In: All News   Posted 05/27/2010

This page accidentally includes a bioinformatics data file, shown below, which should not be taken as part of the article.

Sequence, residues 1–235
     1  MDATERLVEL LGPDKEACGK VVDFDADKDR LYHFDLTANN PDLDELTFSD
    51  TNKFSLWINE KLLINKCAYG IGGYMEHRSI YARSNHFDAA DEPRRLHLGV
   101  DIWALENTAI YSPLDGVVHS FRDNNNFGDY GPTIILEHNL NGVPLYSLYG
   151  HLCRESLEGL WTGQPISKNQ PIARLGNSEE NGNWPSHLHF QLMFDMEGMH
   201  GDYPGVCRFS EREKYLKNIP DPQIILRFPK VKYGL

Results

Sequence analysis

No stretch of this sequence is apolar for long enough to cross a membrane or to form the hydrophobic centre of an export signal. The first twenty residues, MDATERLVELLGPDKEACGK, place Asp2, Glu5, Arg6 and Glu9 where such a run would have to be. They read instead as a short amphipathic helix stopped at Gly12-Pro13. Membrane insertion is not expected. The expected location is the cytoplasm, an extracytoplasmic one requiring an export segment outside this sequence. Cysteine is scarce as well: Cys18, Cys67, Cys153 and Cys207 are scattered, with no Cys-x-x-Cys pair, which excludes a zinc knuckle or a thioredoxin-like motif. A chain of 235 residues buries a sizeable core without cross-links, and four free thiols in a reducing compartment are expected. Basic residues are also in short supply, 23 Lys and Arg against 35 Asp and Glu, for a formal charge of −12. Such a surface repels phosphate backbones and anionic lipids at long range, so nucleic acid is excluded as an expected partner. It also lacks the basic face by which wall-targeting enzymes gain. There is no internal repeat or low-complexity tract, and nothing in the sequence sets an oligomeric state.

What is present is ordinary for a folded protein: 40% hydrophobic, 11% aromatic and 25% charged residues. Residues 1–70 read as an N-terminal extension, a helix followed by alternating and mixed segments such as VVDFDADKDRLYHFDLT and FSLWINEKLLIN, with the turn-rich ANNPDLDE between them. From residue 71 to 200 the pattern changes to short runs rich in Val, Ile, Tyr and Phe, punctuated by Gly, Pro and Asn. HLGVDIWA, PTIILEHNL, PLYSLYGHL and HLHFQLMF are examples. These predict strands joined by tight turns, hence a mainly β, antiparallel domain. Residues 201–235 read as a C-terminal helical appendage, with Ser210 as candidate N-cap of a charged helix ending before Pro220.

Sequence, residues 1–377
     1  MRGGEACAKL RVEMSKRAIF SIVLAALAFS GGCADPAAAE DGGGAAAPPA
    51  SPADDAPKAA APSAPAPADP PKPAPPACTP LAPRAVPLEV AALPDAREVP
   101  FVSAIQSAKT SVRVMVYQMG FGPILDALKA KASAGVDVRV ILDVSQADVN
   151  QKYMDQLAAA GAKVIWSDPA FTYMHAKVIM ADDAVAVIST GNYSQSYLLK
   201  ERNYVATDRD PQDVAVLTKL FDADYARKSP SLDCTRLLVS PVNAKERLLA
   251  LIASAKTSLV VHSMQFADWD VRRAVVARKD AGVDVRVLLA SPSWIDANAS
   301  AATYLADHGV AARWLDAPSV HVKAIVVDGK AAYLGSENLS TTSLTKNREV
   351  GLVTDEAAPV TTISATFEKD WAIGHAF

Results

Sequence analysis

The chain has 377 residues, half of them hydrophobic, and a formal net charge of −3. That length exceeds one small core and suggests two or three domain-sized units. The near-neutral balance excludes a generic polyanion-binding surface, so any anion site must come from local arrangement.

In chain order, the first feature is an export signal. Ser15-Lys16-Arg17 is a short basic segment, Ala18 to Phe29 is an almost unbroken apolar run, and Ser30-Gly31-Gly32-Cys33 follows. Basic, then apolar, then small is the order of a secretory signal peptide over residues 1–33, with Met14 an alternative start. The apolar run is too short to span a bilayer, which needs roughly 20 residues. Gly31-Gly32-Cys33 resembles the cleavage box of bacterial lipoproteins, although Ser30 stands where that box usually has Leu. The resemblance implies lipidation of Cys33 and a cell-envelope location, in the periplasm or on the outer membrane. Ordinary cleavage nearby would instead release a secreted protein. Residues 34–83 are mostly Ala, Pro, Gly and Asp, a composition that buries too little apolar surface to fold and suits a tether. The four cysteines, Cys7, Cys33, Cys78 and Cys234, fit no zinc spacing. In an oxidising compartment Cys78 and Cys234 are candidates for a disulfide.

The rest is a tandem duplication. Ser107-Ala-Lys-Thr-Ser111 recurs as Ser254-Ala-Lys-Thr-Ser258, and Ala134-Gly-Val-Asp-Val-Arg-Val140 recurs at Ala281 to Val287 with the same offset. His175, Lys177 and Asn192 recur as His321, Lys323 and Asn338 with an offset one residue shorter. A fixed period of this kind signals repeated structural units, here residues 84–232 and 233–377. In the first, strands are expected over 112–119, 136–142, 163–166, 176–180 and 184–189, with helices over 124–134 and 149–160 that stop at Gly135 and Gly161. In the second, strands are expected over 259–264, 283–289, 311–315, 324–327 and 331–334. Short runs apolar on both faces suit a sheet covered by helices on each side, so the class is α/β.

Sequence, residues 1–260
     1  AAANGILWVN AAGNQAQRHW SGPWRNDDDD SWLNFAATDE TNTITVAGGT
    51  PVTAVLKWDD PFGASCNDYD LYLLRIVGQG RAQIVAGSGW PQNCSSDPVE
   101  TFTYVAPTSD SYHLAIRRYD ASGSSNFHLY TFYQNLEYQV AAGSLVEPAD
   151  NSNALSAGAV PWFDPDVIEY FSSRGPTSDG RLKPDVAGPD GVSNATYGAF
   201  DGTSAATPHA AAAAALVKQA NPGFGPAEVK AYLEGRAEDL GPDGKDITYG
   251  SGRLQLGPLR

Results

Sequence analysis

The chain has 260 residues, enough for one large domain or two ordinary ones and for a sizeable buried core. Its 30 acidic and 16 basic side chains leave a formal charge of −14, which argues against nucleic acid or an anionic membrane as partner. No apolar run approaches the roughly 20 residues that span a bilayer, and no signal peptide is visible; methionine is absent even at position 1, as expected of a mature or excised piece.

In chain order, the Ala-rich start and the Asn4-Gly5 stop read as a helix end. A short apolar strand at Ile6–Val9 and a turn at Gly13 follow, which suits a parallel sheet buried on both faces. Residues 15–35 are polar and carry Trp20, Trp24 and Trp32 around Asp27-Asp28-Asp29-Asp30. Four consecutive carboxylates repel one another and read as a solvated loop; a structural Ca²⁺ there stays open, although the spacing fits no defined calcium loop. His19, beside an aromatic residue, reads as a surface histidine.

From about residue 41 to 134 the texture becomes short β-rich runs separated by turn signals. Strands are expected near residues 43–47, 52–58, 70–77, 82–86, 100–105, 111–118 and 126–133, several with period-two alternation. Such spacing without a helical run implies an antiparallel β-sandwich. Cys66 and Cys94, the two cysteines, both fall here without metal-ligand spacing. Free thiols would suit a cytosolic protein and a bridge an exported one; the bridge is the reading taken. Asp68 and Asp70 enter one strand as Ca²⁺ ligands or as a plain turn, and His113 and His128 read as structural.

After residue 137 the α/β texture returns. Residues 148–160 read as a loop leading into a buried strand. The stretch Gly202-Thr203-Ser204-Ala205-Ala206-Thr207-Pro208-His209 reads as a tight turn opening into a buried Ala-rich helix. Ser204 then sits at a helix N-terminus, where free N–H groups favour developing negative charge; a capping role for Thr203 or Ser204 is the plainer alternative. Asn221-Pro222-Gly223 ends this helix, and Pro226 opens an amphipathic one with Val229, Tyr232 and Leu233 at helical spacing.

WASHINGTON—  U.S. Senator John Cornyn (R-Texas) today went to the Senate floor to discuss his amendment to the supplemental appropriations bill, which would provide resources desperately needed to secure the border, without adding to the deficit, because the costs are offset by unspent stimulus funds. Although 54 senators voted for the amendment, it failed to reach the 60-vote threshold to pass and was voted down by a group of 43 Democrats.“My colleagues keep repeating the White House talking points and congratulating themselves on all they’ve done for border security, but it’s not enough,” said Senator Cornyn.“Visit the border, Senators, and see for yourselves. Talk to law enforcement. It’s not enough. My amendment gives law enforcement the tools and technology they need to meet this threat.” Earlier this week, President Obama announced his proposal to provide up to 1,200 members of the National Guard across a 2,000 mile border, which only adds one guardsman for every 1.6 miles of border. Under the President’s plan, if illegal border crossings happen at the same rate as in recent years, there will be 450 illegal crossing for each new National Guardsman. On the Senate floor, Senator Cornyn pointed out that President Obama’s proposal is an unacceptable short-term solution to a long-term problem.On the other hand, Senator Cornyn’s amendment to the Supplemental Appropriations Act, 2010 (H.R. 4899) would correct the misplaced priorities of the Obama Administration, dedicating robust funding for border security and ensuring the President commits the necessary resources to the Southwest border. The amendment would also provide resources for federal, state, and local law enforcement officers who work on the frontlines of the U.S.-Mexico border every day.  More specifically, Senator Cornyn’s amendment would fund six important priorities involving border security, which include border security and technology, state and local law enforcement, southwest border taskforces, border enforcement personnel, detention and removal activities, and ports of entry.